Atalanta pulls on her new running shoes.

She loves how the neoprene material stretches to accommodate each foot, the way it hugs her skinny ankles. The shoes are Adidas; Nikes presents a potential conflict of sponsorship for her. She makes two butterfly bows with her laces, then stands and rocks on her heels, delighting in the padding under her arches.

“They’re calling it the race of the century, if not the millennium,” gushes a news anchor on the television screen on the kitchen wall. “Atalanta, sports girl extraordinaire, today takes on a fresh squad of male challengers in a 15,000-metre race, which is likely to be yet another sprint to victory for her. Since her professional debut last summer, this mind-boggling athlete has taken the world by storm by competing only in male events.” The news anchor has small eyes under comically large nerd glasses, and wears distracting shoulder-duster earrings. Atalanta wonders why a woman would ornament herself this way, in such a very un-aerodynamic manner. The earrings are like wind chimes, rivalling the news anchor’s voice.

Atalanta points the TV remote at the screen and grimly presses “mute”. She chews her Blueberry Morning cereal pensively, perched on a bar stool. The veins on her temples move when she moves her jaw. On screen, a photo of her in a bra top and tiny running shorts appears. Atalanta ignores it. She unscrews a small orange container marked “Tetrahydrogestrinone”, shakes two white pills into her palm, and swallows without water.




Atalanta remembers the moistness of wolf teats.

She remembers the wetness of leaves.

Dappled sunlight; full-bodied throatiness of bull frogs; mangled grass and dew.

She remembers the suede feel of mornings on her bare skin, and the sting of blow flies and mosquitoes. The curiosity of finding a leech on one’s calf for the first time. The green grace of moss. The languor of being in one’s flesh, and nowhere else. The understanding of time as a single skein. The day is an accordion unfolding. Night is some contracting. Limbs lengthening.

On her tongue: the infinite sweetness of cane sugar. Deciduous drizzle or tropical rainstorm? She cannot decide. It does not matter.

The day rivulets of blood runs down the inside of her legs, she builds a blaze from palm leaves and sits solemnly on bark. A bush shakes, crackles. Then, someone like her – but not quite her – steps out. Advances with arms outstretched, hands prepped to grasp. Go. Stay. Freeze. Fire.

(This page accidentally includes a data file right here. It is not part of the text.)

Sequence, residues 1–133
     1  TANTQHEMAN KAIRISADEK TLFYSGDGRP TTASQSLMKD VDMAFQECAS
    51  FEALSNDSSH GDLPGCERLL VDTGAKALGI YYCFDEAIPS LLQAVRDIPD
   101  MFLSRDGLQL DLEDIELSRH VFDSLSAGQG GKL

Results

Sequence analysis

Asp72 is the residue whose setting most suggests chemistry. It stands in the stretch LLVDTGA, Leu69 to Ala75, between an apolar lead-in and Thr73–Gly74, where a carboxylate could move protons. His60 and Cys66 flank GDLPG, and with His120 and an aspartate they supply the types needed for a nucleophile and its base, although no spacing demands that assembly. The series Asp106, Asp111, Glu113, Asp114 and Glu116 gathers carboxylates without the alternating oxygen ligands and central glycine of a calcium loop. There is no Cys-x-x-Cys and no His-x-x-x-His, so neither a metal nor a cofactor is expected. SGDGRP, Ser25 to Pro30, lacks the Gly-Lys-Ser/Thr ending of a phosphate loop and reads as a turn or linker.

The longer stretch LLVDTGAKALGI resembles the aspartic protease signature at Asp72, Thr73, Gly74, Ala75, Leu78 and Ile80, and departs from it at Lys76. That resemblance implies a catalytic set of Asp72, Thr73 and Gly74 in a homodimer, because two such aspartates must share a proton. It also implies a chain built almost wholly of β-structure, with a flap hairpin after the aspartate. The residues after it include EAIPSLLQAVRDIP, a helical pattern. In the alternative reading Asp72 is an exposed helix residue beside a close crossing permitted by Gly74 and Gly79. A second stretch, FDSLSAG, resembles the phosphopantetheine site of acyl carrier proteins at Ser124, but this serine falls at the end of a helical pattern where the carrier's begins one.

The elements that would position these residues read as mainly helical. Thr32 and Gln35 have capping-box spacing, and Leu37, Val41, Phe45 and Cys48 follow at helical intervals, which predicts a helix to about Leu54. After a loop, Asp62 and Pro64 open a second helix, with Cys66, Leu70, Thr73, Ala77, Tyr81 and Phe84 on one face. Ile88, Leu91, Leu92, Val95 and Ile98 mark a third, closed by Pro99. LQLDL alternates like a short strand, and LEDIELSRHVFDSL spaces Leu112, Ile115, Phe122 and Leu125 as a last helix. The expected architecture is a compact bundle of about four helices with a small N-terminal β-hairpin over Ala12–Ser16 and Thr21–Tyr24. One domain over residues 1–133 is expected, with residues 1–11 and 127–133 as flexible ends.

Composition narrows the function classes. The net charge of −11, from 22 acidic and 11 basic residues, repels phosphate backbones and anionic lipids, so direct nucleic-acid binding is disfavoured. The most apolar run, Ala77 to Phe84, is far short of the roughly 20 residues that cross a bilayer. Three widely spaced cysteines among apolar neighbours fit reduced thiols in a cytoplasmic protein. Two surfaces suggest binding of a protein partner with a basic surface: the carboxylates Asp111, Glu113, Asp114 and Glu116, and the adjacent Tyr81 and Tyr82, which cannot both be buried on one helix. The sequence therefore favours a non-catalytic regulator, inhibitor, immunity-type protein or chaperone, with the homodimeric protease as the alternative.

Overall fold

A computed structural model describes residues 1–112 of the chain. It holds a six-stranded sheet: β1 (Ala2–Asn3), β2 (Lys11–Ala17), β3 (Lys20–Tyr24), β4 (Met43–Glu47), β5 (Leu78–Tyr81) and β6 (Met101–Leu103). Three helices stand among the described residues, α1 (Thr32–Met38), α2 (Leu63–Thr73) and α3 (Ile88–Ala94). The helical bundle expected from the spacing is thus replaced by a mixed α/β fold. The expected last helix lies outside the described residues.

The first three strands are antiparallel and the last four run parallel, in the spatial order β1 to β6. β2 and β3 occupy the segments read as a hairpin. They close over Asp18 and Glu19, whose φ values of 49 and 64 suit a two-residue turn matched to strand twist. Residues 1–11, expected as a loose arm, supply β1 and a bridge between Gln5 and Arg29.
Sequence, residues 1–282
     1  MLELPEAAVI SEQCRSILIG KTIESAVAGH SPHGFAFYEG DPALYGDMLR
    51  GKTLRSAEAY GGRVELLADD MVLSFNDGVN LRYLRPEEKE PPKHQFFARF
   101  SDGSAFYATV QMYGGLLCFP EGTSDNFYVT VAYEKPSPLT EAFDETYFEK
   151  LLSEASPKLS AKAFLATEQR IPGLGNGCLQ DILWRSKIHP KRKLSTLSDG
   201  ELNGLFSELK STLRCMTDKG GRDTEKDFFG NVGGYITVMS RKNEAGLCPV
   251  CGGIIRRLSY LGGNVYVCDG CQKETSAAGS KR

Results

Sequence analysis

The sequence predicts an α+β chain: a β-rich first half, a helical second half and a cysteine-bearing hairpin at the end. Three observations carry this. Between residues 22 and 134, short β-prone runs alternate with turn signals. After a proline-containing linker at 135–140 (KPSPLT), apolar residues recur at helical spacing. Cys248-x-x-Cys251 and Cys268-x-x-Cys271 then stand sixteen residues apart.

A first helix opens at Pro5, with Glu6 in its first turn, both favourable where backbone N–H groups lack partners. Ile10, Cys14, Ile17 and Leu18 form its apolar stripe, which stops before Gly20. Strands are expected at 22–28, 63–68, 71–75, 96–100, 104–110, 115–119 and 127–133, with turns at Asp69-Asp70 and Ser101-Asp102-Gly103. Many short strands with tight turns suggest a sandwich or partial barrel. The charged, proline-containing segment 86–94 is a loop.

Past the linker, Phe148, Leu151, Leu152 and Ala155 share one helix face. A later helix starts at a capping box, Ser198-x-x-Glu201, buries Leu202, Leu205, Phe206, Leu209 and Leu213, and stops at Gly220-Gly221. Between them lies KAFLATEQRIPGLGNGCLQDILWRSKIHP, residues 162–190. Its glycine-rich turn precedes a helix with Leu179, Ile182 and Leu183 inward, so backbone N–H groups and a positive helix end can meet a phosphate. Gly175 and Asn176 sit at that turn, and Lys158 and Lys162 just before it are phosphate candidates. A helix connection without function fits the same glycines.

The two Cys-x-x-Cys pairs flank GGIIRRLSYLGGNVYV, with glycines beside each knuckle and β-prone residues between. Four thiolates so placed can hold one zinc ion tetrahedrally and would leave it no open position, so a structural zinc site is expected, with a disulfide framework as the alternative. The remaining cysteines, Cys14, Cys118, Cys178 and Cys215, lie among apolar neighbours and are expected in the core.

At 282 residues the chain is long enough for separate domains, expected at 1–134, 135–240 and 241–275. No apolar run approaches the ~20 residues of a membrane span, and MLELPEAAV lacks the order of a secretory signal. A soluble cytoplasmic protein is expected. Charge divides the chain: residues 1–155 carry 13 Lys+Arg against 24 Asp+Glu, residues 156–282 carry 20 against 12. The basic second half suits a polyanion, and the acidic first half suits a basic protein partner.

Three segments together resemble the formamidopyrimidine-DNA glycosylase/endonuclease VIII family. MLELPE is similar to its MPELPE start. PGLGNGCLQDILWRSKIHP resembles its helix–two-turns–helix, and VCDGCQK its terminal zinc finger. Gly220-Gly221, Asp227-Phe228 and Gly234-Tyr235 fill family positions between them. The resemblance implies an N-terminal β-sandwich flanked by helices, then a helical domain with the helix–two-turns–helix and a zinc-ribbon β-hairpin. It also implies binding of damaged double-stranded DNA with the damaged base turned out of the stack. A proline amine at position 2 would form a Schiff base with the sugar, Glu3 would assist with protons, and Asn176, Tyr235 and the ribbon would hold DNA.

Atalanta learns how to run for her life that day.

Still, they catch her. They catch her and foist upon her a father.




She thinks: I’m not fleeing any more.

Her voice echoes in the empty foyer – the movers hired by the bailiff’s office had come yesterday to shift everything for the auction. Had she spoken out loud? The movers had taken everything: her trophies, medals and golden apples. She is glad to see them go. She has nothing left to prove. No need to keep scampering on the treadmill.

Her son now lives with her ex-husband. Her caramel-skinned little boy. His preternatural stillness used to scare her. Going out to yank the sheets off the line in their yard, she would find him standing stock still in the sand pit, ears cocked as though tuned in to some heavenly radio station broadcasting for an audience of one.

“What is it?” she once asked, when she stumbled on him that way again.

“The light,” he had replied. “It sings.”

Now – her career over after the doping scandal; opening and closing doors in her soon-to-be repossessed house – Atalanta hears the light, too. It emanates from her. She vibrates, every cell of her body looking for a way out. The air around her warps and bends. She has hidden her need to decamp exceedingly well, but has also succeeded in producing a sound like that of a flapped metal sheet. A foley artist’s primitive dream. Once heard, it can no longer by un-heard.

Last week’s newspapers lie abandoned in a corner of the living room, left behind by one of the bored, burly men who had carted away her worldly belongings. She idly pages through the inky sheaf and reads the headlines. A lion has escaped from a Copenhagen zoo, prompting a 36-hour lockdown of the city. Atalanta imagines prowling those deserted streets. She feels pebbles on the tender pads of her paws, as she swerves shaggily onto a zebra crossing. Her eyes narrow against the noon-time glare of glass-clad skyscrapers. Humankind has engineered greater and greater lenses with which to see themselves. They stud the landscape, growing murky from disuse.

In her mind, Atalanta prowls on. Sinking to her haunches, alone in her denuded home, she thinks: I am a sluggish river. A mud-laden muscle.

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